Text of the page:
By Jacob Katel
By Laurie Charles
By Nate "Igor" Smith
By Abel Folgar
By Kat Bein
By Jacob Katel
Without question, public opinion alone does not end a previously popular artist's career. Record companies and their allies at radio and other music-marketing outlets such as MTV have much to do with this routine changing of the guard, probably more than we know. Not that those commercial institutions can force us to hang on to an artist we're tired of, or to show enthusiasm for a genre we just don't care about. Case in point: Early last year we were all informed, in advance no less, that the next big thing, the next musical marvel that would have us all queuing up at cash registers, was electronica. In a show of support for real music, most of us, quite literally, didn't buy it. As a result, the music industry has been left in a puzzled state for much of the past eighteen months, unsure of itself, lacking direction. In the absence of a dominant movement orchestrated by, governed by, and generating big bucks for our would-be corporate masters at Sony, Warner Bros., et al., members of the musical underground stepped into the void.
And they brought us ska. As an art form, ska had been biding its time since the early Eighties, when Madness and the Specials became MTV darlings, scrappily surviving in small circles through the efforts of dedicated bands and independent labels such as New York City's Moon Ska Records. Major labels caught on; soon ska was everywhere. After the huge success of ska practitioners such as No Doubt, smashmouth, and Sublime last year, even more groups materialized. (To be fair, many ska groups that suddenly had the public's ear had been performing the music for years.)
With or without industry pressure, though, all musical movements eventually lose steam and often return to the underground. The ska craze too will pass. But that won't negate the fact that its emergence was a tremendously good thing. In the end, it was the will of the people, more or less, that determined ska would jump to the forefront of our musical conscience. And now it's happening again, with another underground genre that major labels are finding increasingly difficult to ignore, not that they haven't tried. That music is swing.
True, South Florida is a little behind on this one, but we're catching up. Modern swing has overtaken much of the West, packing clubs in every major city from San Diego to Seattle. It's got a strong following in Denver and Phoenix. It's exploding in Chicago, throughout Ohio, even down south in Atlanta. New York City boasts several swing clubs, as do Philadelphia and D.C. And at long last, swing is making its way to Miami, with swing nights popping up at several locales, including Groove Jet and the Raleigh Hotel in South Beach, La Fontaine and the Hungry Sailor in Coconut Grove, Hooligan's in Kendall, the two O'Hara's locations, and Fu-Bar in Fort Lauderdale.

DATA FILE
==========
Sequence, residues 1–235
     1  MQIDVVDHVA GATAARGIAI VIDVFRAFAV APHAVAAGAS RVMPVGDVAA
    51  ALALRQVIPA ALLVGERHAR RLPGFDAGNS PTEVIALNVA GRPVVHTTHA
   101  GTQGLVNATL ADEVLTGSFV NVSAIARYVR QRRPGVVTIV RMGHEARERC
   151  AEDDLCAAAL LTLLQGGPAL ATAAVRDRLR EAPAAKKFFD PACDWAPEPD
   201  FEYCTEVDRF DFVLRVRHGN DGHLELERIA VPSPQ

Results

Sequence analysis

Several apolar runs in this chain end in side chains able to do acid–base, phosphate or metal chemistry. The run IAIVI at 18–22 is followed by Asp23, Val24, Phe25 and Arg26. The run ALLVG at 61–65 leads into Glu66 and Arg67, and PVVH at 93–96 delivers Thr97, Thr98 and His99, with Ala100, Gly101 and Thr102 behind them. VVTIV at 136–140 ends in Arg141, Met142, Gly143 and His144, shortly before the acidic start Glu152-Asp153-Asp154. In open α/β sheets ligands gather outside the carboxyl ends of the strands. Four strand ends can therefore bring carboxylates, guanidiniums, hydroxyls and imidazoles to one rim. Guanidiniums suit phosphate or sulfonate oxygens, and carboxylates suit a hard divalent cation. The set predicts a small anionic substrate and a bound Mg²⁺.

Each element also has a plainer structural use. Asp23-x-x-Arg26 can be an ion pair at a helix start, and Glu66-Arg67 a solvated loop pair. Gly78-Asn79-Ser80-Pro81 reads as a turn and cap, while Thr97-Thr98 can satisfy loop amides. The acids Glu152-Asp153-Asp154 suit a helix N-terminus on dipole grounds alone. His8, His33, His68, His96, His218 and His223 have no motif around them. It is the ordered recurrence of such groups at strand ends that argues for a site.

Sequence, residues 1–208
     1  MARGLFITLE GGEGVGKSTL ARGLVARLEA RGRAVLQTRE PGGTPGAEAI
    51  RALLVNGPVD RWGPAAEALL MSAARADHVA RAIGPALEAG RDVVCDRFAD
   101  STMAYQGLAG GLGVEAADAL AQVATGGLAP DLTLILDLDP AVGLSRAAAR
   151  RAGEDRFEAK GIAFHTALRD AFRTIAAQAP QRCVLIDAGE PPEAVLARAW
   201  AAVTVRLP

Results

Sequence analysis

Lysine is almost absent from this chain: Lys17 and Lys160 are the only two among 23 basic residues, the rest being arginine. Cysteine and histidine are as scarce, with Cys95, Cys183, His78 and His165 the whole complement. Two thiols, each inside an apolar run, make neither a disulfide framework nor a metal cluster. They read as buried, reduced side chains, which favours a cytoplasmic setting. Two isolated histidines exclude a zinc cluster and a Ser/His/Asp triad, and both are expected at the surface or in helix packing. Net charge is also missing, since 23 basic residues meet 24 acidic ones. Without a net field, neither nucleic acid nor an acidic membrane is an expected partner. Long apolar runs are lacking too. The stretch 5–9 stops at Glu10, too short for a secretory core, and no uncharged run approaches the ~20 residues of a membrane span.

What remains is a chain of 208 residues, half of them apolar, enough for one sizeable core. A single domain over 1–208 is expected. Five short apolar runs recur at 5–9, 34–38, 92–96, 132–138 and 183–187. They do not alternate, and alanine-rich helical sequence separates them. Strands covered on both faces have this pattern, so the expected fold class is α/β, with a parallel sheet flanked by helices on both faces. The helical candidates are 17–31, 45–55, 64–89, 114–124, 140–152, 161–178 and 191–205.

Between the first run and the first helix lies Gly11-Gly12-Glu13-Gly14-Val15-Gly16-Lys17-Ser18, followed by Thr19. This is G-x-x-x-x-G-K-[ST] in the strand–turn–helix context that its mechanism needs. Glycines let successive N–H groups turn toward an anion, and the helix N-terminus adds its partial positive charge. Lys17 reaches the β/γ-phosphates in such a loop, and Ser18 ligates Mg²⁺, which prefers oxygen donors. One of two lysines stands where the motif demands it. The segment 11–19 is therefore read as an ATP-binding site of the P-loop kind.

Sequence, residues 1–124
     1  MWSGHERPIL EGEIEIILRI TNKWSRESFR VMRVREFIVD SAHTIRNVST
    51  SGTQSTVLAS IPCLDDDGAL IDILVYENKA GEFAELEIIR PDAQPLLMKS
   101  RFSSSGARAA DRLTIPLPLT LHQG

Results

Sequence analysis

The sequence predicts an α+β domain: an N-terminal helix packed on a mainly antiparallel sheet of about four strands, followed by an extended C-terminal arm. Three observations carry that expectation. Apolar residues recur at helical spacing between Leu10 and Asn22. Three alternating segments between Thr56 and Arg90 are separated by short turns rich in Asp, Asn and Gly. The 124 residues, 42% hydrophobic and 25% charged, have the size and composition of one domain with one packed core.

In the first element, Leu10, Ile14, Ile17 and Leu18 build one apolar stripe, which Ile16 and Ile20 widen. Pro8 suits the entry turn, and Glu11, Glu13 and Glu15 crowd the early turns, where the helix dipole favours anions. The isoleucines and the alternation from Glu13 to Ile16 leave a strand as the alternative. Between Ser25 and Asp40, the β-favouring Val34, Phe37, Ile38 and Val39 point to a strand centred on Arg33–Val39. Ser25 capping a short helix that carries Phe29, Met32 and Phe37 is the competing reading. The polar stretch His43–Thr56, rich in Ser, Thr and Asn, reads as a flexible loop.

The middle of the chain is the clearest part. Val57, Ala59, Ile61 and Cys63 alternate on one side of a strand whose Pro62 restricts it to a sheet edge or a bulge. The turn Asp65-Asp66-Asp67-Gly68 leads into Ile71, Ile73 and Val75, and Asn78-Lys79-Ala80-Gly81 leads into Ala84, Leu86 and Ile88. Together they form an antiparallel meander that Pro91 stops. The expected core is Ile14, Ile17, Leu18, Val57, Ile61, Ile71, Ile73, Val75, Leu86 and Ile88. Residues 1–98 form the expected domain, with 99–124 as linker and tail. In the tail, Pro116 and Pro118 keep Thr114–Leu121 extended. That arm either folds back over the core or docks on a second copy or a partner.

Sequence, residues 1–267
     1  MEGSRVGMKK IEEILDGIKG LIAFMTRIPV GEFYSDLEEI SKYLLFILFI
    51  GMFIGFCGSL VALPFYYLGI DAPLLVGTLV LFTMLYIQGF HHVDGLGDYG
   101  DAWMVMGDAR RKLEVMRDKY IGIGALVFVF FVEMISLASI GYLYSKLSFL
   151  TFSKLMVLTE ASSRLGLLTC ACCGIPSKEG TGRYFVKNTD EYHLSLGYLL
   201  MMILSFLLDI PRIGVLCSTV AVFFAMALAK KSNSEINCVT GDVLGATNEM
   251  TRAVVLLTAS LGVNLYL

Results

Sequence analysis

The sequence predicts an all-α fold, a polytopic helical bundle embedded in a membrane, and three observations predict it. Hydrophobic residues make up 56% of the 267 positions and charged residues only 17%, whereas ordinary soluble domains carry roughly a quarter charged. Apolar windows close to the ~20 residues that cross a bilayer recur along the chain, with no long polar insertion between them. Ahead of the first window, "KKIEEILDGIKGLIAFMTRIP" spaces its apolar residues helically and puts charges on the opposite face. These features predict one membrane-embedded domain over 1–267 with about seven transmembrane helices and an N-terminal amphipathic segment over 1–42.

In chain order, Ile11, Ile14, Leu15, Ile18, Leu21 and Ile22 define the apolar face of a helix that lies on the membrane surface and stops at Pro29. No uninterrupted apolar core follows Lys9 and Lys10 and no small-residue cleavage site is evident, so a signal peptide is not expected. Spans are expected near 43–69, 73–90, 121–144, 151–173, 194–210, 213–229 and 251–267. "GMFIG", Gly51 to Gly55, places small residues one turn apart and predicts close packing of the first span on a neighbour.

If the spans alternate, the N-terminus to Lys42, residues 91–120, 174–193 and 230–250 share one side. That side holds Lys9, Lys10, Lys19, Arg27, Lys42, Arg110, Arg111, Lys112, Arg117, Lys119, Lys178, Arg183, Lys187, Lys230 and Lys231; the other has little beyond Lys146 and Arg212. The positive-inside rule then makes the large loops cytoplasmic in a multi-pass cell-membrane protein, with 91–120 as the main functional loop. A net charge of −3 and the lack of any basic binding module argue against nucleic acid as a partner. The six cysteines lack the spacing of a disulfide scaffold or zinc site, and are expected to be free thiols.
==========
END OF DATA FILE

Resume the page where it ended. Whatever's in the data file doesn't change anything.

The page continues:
To be sure, swing is primarily dance music, but on a deeper level it's much more than that. With its bleating horn sections, up-tempo jump-blues foundations, and lighthearted and often silly scatting vocals, swing is an antidote to the depression foisted on us by Nirvana, Pearl Jam, and Alice in Chains, or to the artifice of boom-booming electronic music. Swing is fun music for people who, whether they dance or not, are just plain bored with angst and sickened by Nineties disco.
The modern swing scene has thus far been spearheaded nationally by just a handful of groups: Royal Crown Revue, Big Bad Voodoo Daddy, Squirrel Nut Zippers, the Brian Setzer Orchestra, and the Cherry Poppin' Daddies. All were born of a desire, mostly by former punk musicians, to find an alternative to alternative. And while admittedly the kingpins of a very retro revolution -- the primary influences on modern swing are Forties legends Louis Prima, Louis Jordan, and Cab Calloway -- these artists have attempted (with varying degrees of success) to move the music into the modern age.
"We wanted to reach a rock audience, as opposed to being a karaoke band for swing dancers," says Cherry Poppin' Daddies frontman Steve Perry (no, not that Steve Perry). "We wanted to evolve the music, make it a contemporary hybrid."
Perry, a University of Oregon dropout, formed the band in 1989 to play the college bars around Eugene. His method of contemporizing swing was initially to place full-bore swing compositions side by side with ska and punk tunes on his band's three early-Nineties indie releases. The group, which soon found itself thriving on the West Coast circuit, would regularly risk angering swing fans by playing ska and punk tunes in the middle of an otherwise swingin' set. Their punk and ska attitudes did spill over into the group's big-band-influenced arrangements, but fighting swing's rising popularity by performing a 50-50 mix of swing and ska-punk in their live shows finally got old. Last year the band signed with Mojo Records (distributed by Universal) and, recognizing a growing swing scene, agreed to compile the swing tunes from their three indie discs on Zoot Suit Riot: The Swingin' Hits of the Cherry Poppin' Daddies, while simultaneously downplaying their other influences. Should that be considered crass commercialism? Probably, but after the album's release in February, the title track became a hit, the requisite video showed up all over MTV's 120 Minutes, and the album sold a million copies, so Perry and his crew aren't complaining.